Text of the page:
Histowiz lab scientists preparing to test COVID-19 samples from recovered patients on April 8, 2020 in Brooklyn, New York.
Misha Friedman | Getty Images
How prevalent is Covid-19?
It’s a difficult question to answer, given the lack of available tests and the fact that some people who have been exposed to the virus exhibit mild symptoms or no symptoms at all.
Two research groups, assisted by a team of volunteers, sought to get a better sense of the true prevalence in Santa Clara County in Northern California, which was one of the first places in the U.S. where community spread was detected. They tested 3,300 people by asking the volunteers to show up to one of three testing sites locally.
In a study published on Friday, the researchers, many of whom hailed from Stanford University, noted that the results suggest that Covid-19 could be far more widespread than the official counts suggest.
Specifically, they estimate that between 2.5% and 4.2% of people in Santa Clara County may have antibodies. (The range is a result of different models used to extrapolate the test results to a representative population.)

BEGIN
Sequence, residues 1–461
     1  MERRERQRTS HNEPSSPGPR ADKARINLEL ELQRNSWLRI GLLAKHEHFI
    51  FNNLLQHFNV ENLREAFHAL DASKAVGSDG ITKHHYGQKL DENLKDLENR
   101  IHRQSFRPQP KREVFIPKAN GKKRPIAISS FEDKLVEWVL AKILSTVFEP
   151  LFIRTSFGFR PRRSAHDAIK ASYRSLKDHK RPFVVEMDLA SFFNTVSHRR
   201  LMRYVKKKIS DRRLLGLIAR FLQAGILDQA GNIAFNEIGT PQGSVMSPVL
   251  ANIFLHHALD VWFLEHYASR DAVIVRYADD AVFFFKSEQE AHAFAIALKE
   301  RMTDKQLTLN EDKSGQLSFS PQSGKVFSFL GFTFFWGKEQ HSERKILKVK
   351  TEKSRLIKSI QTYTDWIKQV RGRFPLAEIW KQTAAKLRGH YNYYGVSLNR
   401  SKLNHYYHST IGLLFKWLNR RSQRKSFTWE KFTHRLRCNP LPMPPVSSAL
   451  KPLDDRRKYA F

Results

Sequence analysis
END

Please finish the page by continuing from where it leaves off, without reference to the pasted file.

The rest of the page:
“These prevalence estimates represent a range between 48,000 and 81,000 people infected in Santa Clara County by early April, 50 (to) 85-fold more than the number of confirmed cases,” the authors wrote.
Antibody tests look for signs that a patient’s immune system has had a response after being infected with the virus. Such tests are by no means perfect indicators that a person has truly been exposed, and studies show that there are varying levels of quality. Some of the tests are providing false reassurance, while others are offering false answers. As scientists have stressed, having a positive antibody result does not mean the person is immune to the virus.
But such tests can be helpful to researchers looking to get a more accurate sense of how widespread the virus is.
Still, experts warn that we should not draw broader assumptions about Covid-19 based on a study that’s limited to the Bay Area. John Brownstein, an epidemiologist at Boston Children’s Hospital, cautions that the study recruited the volunteers via Facebook ads and that might bias the results toward people who are more tech savvy. But he also said that there’s a recognition in the filed that the numbers of people infected are far higher than the official numbers.
Ultimately, he said, “It adds to growing body of work that suggests a huge amount of cases that went undetected.”